Wind-up – Need to turn on right posterior glute med to delay LAIC activity.
Stride – Need to inhibit right adductor and QL to maximize stride length.
Cocking – Need to shift into Left AF IR while maintaining right trunk rotation.
Acceleration – Need to keep Left AF IR in trunk flexion.
Follow through – Need to balance into left AF IR.
If I’m a left-handed pitcher, the RBC, posterior mediastinum, and timing will be my largest limiting factors. Here is what I need at each component of throwing.
Wind-up – Need to load left AF IR and engage abs to stay back. Inability to do this is what creates that beautiful natural spin us lefties have when we throw.
Stride – Need to inhibit LAIC/RBC so one does not rotate too early into Right AF IR and right trunk rotation
Cocking – Need to control Right AF IR and left trunk rotation while reducing back extension and keeping adequate left posterior mediastinum activity.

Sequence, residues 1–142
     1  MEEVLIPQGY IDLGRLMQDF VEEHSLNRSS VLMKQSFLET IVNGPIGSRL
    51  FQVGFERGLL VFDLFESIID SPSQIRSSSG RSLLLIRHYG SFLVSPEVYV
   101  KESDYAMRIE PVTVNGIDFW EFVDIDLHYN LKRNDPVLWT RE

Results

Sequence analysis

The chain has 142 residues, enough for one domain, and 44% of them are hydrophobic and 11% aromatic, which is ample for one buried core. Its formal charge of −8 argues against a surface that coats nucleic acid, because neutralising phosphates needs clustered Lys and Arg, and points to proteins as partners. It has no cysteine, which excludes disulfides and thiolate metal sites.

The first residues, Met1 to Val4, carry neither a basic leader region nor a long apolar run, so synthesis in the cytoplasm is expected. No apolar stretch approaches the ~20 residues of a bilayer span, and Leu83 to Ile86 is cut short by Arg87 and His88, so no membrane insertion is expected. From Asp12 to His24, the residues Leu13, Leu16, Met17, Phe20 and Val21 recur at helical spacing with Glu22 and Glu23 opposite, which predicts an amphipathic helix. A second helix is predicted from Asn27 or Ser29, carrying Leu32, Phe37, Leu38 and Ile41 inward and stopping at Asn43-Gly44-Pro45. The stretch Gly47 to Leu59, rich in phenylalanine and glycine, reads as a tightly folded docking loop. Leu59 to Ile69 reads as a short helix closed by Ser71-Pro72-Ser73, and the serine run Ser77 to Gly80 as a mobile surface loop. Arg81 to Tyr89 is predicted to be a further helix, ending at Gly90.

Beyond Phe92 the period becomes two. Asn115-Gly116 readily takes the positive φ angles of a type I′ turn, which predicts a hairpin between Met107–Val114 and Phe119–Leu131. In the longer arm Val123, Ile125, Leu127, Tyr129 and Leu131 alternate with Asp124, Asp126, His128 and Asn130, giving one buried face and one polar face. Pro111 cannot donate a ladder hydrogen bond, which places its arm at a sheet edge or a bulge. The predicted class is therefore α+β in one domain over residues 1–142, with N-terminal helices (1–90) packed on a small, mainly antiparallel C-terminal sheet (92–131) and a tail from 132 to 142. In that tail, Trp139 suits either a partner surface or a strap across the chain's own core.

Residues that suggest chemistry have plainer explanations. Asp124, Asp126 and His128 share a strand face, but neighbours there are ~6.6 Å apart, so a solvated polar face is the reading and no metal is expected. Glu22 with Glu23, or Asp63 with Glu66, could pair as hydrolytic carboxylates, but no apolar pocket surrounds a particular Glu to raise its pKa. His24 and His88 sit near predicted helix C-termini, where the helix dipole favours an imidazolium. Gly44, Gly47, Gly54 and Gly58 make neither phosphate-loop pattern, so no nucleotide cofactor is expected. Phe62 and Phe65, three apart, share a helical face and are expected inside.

Acceleration – Need to keep trunk closed down into flexion
Follow through – Need to balance into right AF IR.
Repetitive Rotation Superior T8 (Gasp)
This part was probably the most controversial and misunderstood piece of the course. The concept itself is not difficult to understand, but the material may seem challenging to fit into the PRI philosophy.
I’ve had several discussions with James Anderson on this topic to make the masses get the most up-to-date explanation for this pattern. Here is what we came up with [My post-conversation thoughts will be in brackets].